Recipe by duonyte
The original recipe for these rolls called for ingredients not common in the US. So I fiddled with it and came up with these rolls. The onion taste goes throughout but is not overwhelming. They make wonderful sandwiches or accompaniment to soup or salad.
Top Review by Sue Lau
Wonderful! The rolls had a delicious onion character - not too strong - very like good bakery rolls. They rose nicely, resulting in a very good texture for rolls made with whole wheat & rye flour. They made wonderful sandwiches with both ham and pastrami. We cut the recipe down to one-fourth to make 3 sandwich rolls and used our smaller bread machine. This worked quite well. Thanks for posting! ~Sue
- 1 large onion, finely chopped
- 1⁄4 cup butter
- 1 1⁄4 cups water
- 2 cups bread flour
- 1 cup whole wheat flour
- 1⁄2 cup rye flour
- 1⁄4 cup regular oatmeal or 1⁄4 cup quick oatmeal
- 1 1⁄2 teaspoons vital wheat gluten
- 1 teaspoon salt
- 2 teaspoons honey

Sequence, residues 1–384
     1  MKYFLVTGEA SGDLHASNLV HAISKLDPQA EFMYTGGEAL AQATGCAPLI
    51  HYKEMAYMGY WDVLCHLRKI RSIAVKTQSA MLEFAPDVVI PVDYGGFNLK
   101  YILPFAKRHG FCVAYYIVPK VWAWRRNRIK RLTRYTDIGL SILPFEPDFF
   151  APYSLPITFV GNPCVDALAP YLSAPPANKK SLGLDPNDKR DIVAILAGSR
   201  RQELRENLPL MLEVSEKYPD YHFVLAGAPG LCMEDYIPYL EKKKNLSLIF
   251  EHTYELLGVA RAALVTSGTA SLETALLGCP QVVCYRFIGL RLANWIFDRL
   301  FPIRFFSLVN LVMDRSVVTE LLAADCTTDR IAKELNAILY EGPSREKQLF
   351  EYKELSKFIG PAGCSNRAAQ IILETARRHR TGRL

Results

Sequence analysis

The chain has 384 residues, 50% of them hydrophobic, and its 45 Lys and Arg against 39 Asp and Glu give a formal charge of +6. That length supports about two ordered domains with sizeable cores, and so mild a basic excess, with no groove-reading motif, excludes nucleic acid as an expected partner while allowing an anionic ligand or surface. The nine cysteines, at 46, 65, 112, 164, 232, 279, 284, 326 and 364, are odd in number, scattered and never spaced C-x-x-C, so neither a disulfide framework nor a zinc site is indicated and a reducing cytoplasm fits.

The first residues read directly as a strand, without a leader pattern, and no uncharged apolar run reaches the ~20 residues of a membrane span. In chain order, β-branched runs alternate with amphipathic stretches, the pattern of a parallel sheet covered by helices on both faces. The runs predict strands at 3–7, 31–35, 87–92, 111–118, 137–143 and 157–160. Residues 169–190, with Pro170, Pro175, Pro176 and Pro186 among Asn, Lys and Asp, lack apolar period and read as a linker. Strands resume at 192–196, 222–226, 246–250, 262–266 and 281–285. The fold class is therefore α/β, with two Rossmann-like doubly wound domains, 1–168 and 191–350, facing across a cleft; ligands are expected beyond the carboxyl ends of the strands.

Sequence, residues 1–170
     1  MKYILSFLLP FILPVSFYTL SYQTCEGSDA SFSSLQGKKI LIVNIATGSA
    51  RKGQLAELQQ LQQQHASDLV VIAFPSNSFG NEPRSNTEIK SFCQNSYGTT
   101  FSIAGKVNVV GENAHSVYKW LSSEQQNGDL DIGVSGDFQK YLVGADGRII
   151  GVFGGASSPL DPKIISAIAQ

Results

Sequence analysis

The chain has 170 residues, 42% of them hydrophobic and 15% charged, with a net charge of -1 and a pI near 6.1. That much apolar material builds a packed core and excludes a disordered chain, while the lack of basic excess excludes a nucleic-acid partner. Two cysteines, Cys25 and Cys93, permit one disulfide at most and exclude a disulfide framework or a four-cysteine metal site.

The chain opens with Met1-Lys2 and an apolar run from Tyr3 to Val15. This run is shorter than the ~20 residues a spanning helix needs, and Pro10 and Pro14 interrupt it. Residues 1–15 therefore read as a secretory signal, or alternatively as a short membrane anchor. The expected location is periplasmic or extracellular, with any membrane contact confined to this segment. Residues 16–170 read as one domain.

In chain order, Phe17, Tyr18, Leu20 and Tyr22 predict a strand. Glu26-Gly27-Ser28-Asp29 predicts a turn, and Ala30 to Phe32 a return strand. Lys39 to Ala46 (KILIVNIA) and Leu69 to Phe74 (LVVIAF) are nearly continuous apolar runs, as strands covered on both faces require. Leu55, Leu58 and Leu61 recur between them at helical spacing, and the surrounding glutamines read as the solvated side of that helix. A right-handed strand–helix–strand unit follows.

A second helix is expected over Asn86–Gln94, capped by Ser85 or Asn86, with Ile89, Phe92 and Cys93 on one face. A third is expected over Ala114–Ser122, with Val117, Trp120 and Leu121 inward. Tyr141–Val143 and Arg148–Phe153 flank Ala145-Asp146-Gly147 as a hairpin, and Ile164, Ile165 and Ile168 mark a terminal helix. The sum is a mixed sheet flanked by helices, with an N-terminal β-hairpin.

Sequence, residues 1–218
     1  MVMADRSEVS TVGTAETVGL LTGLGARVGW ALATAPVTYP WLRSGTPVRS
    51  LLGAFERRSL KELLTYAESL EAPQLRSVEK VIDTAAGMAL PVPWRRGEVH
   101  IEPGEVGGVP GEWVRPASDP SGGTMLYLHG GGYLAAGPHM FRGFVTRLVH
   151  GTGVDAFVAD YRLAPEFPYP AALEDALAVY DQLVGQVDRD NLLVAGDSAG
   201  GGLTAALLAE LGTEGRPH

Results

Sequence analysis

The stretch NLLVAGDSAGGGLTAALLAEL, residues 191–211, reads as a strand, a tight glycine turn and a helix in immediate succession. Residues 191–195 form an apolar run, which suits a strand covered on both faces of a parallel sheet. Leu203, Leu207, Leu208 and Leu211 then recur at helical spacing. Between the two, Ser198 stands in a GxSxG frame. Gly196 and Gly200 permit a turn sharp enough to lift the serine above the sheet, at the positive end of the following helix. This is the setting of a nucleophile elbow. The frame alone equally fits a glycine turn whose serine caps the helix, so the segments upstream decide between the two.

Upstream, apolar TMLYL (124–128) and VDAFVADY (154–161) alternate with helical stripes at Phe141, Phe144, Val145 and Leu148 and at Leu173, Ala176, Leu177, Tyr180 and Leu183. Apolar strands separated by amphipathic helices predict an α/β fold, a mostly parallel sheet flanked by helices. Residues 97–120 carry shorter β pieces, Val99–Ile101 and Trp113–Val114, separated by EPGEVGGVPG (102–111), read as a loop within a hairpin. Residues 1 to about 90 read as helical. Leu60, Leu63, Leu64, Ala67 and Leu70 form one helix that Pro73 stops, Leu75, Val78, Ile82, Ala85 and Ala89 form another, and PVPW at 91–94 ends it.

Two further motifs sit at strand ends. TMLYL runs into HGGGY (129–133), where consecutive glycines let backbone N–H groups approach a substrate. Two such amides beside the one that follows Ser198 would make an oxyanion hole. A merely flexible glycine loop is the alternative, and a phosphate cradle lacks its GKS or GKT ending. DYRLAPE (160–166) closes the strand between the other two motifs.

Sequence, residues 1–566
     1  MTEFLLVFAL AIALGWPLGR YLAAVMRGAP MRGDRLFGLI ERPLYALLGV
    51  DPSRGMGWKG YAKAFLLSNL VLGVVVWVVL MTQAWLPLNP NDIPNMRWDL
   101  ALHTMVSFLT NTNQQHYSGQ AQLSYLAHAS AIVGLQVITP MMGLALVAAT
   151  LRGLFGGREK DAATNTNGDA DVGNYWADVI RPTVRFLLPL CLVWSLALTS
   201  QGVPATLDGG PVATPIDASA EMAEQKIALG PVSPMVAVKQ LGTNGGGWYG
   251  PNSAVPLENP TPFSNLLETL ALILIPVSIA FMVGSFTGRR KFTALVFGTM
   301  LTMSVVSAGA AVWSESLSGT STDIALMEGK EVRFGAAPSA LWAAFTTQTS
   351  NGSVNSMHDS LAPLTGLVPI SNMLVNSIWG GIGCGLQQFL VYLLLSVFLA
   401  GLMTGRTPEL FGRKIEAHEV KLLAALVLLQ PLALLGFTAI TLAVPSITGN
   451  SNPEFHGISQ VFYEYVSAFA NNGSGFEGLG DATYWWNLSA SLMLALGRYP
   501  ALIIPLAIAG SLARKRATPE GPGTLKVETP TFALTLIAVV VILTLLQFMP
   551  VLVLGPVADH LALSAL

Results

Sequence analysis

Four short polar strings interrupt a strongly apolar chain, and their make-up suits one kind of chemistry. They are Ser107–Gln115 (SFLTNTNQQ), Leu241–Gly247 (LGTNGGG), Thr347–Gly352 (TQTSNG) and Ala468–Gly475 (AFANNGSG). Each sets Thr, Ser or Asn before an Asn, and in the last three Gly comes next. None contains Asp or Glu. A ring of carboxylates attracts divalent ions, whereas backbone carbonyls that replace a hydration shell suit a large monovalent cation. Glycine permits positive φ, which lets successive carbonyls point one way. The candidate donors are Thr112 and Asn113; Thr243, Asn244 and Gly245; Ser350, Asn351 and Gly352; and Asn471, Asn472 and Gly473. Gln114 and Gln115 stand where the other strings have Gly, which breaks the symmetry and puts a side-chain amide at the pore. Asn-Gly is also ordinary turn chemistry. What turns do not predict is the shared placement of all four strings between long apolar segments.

- 2 1⁄2 teaspoons active dry yeast (one envelope)
- 1 tablespoon sunflower seeds
- 1 tablespoon steel cut oats
- 2 tablespoons sesame seeds
Directions See How It's Made
- Melt the butter in a skillet and saute the chopped onions, stirring frequently, until softened and lightly browned, about 8-10 minutes. Set aside to cool.
- Place all ingredients except for the sunflower seeds, steel-cut oats and sesame seeds in the pan of your bread machine, in the order recommended by the manufacturer. Select the dough cycle and start.
- About 5 minutes before the end of the cycle, add the onions (with the butter), seeds and steel-cut oats.
- After dough has risen, punch it down and turn out. Divide into twelve pieces and shape as desired. Place on baking sheet dusted with cornmeal. Cover and let rise until doubled, about 40-45 minutes.
- Place in a preheated 400 deg. F. oven and bake until golden brown, about 20 minutes. Turn out on wire rack to cool.
- Note1: Adding the onion and seeds towards the end keeps them recognizeable in the finished roll, although the sesame seeds are not really visible in any event. The ball of dough will "come apart", but should come back together again.
- Note2: Substitute other seeds you may like, such as poppy or flax. Also feel free to change the proportion of the flours, but I find that the above makes a really nicely flavored bread.
- Note3: This can also be baked as a loaf, for about 35 minutes or until tests done.